Damage by coal ash to the southern aquifer cannot be undone

The most recent groundwater analysis shows that in little over a year, the chemicals detected in the aquifer under the mountain of coal ash at AES plant in Guayama — such as selenium, lithium and molybdenum — exceeded the maximum allowed by the U.S. Environmental Protection Agency by four to 14 times. The consumption of these three elements has been associated with skin inflammation, acute pain, vomiting, weakness, liver dysfunction and death from poisoning, according to the U.S. Department of Health’s Agency for Toxic Substances and Disease Registry. During the same period the concentration of heavy metals such as arsenic, multiplied by five   almost reaching the level of toxicity established by the EPA, while others, such as lead and cadmium, also showed significant increases. Considered by the World Health Organization (WHO) as one of the 10 most alarming chemical threats to public health, arsenic in water has carcinogenic effects, according to the WHO International Center for Cancer Research. Even in low doses, it can cause irritation to the stomach, lungs and intestines, and in the long term, growth problems, neurotoxicity, diabetes and pulmonary and cardiovascular diseases.

Puertorriqueños en Chicago: se repiten las historias de lucha y sobrevivencia

Los obstáculos que enfrentan los puertorriqueños que llegan a Chicago no son nuevas para la comunidad de la diáspora, que por más de 50 años han enfrentado disparidades en la Ciudad de los Vientos. A un año y medio después de los huracanes, los puertorriqueños residentes en Chicago y las instituciones comunitarias todavía están ayudando a los últimos que llegaron para que rehagan sus vidas y contribuyan – a corto o largo plazo – al futuro de la ciudad.

Puerto Ricans in Chicago: the stories of struggle and survival go on

The 10 empty liquor bottles are the color of seaweed and mud. Once they were litter on the streets of the East Garfield Park neighborhood in Chicago. But now, clean and sparkling, the bottles are on display some 2,000 miles away at the Museo de Arte de Puerto Rico, part of a work by artist Edra Soto. Seashells made from plaster surround the bases of the bottles, referencing the sandy ocean shores of Puerto Rico, where she grew up. As if forming an altar, this eclectic combination of objects marks the artist’s passage from the island to the Windy City, and her continuing connection to both places.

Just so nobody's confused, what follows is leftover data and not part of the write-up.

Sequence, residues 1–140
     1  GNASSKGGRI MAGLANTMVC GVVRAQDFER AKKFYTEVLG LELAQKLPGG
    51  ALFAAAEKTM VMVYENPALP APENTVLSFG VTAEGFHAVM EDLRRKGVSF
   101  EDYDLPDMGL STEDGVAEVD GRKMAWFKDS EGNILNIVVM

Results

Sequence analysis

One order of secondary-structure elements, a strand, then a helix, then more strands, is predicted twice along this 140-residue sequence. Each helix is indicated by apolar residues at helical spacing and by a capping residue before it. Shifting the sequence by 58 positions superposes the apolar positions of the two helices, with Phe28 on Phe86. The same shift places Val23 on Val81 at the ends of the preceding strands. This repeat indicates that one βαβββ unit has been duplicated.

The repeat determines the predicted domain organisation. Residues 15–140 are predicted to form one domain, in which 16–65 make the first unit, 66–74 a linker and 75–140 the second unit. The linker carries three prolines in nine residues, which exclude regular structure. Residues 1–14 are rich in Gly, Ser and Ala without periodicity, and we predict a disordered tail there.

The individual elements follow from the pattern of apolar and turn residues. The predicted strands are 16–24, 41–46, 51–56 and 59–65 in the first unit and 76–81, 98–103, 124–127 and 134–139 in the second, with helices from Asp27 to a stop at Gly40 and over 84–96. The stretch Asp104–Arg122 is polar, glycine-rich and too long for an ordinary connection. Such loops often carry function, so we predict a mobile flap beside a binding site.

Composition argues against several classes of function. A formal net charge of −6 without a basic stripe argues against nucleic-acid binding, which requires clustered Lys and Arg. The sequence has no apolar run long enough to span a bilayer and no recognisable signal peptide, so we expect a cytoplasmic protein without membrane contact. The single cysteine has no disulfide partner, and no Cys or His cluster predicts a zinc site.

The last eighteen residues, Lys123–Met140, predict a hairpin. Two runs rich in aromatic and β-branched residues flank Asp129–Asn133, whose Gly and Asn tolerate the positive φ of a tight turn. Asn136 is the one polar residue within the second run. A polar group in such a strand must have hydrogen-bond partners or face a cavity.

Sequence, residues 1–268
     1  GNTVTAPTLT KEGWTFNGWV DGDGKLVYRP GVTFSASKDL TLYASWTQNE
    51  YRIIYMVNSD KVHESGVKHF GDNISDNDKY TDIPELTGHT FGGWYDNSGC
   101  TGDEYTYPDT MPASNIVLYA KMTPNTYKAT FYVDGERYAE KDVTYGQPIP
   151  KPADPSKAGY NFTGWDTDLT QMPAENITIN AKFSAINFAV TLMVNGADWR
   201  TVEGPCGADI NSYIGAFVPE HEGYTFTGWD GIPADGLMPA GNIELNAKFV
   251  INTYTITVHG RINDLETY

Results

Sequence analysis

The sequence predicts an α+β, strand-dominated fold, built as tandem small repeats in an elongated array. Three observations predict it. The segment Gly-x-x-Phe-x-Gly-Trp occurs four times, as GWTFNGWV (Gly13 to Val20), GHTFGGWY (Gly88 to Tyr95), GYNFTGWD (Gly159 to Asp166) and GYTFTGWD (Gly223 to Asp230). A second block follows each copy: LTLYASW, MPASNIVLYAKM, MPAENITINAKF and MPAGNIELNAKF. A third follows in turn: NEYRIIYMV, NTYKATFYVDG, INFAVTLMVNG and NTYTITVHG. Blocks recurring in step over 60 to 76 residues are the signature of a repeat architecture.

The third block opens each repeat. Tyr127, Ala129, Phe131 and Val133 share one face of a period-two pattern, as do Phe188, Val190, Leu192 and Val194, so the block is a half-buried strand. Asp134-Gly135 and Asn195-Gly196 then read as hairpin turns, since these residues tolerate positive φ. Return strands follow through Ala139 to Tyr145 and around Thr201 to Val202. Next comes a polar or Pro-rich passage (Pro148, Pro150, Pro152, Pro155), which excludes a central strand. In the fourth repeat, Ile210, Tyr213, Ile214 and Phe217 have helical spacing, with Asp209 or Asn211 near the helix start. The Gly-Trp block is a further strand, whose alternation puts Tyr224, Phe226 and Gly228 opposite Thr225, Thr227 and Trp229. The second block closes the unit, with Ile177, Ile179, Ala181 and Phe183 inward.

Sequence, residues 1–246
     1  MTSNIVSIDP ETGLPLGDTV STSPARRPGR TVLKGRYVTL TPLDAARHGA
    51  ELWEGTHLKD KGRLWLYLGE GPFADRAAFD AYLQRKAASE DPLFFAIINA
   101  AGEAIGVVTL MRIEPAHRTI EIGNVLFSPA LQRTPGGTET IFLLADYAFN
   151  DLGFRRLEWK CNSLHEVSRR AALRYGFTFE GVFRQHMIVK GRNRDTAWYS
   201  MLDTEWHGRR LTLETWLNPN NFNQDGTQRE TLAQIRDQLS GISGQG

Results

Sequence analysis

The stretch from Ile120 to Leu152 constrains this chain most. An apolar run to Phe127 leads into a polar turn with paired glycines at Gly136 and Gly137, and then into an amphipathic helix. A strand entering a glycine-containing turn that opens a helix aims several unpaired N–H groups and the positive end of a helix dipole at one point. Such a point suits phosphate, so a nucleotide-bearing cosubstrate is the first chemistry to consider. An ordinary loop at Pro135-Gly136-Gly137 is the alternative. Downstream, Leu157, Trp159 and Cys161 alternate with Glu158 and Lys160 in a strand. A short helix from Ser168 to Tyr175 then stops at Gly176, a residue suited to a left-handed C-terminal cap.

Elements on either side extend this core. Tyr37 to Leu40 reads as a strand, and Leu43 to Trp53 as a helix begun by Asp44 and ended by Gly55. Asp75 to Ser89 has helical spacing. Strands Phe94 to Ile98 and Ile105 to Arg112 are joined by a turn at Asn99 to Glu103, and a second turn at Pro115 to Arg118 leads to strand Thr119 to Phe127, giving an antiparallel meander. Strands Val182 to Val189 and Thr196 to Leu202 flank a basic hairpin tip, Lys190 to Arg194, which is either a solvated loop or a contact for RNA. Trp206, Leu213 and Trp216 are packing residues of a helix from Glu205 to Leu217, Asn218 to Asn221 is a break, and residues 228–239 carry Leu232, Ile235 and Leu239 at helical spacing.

Código X37 demuestra que el gobierno excluyó de su lista oficial muertes certificadas como relacionadas al huracán María

Las muertes identificadas con el código X37 representan solo una parte del total de muertes que pudieran estar relacionadas al huracán, ya que hubo muchas que no se certificaron con ese código, aunque sí estuvieron relacionadas. Y también hay casos, como los muertos por leptospirosis, que el gobierno ha admitido que estuvieron relacionados al huracán, aunque muchos no han sido añadidos a la lista de 64.

Cantera or the Neglect of Public Policy to Tackle Poverty

The quintessential image that portrays the history of the Cantera community in San Juan dates back to 1989, when residents met in a house garage to assign each other tasks and assume their own reconstruction in the aftermath of Hurricane Hugo. It sparked a community organization process, which in turn led to the establishment of a public corporation to meet the needs of the impoverished sector and work with its residents to improve their living conditions. Three decades later, Cantera is in agony and after enduring hurricane María, it now faces the shutdown of the Company for the Integral Development of the Cantera Peninsula, as proposed by the Fiscal Plan certified in April by Puerto Rico’s Fiscal Control Board (FCB). The measure, although approved by the FCB, is not an idea of the entity imposed by the federal government. It shows up in internal documents of the Gov. Ricardo Rosselló Nevares administration, which in October 2017 — a month after María — contemplated closing down the public corporation.

Companies with Shady Background Interested in Contract Bid to Transfer Puerto Rico’s Inmates to the US

Last Tuesday, 13 men and three women met in a room at the Department of Corrections and Rehabilitation (DCR, for its initials in Spanish.)  They were waiting for the Auction Board’s orientation regarding its Request for Proposals for the relocation of 3,200 Puerto Rico prisoners to U.S. private jails. An experiment that was done before and failed. Seated on the first row was Brian Ferrell, VP of Proposals Development for CoreCivic, one of the leading administrators of private prisons in the United States. Next to him was Attorney Lizzie Portela-Fernández, of McConnell Valdés, a legal firm that lobbies in favor of CoreCivic in the Puerto Rico House of Representatives. Also, in the first row, but on the opposite side, were Dan Joslin and Mike Murphy, executives of Management Training Corporation.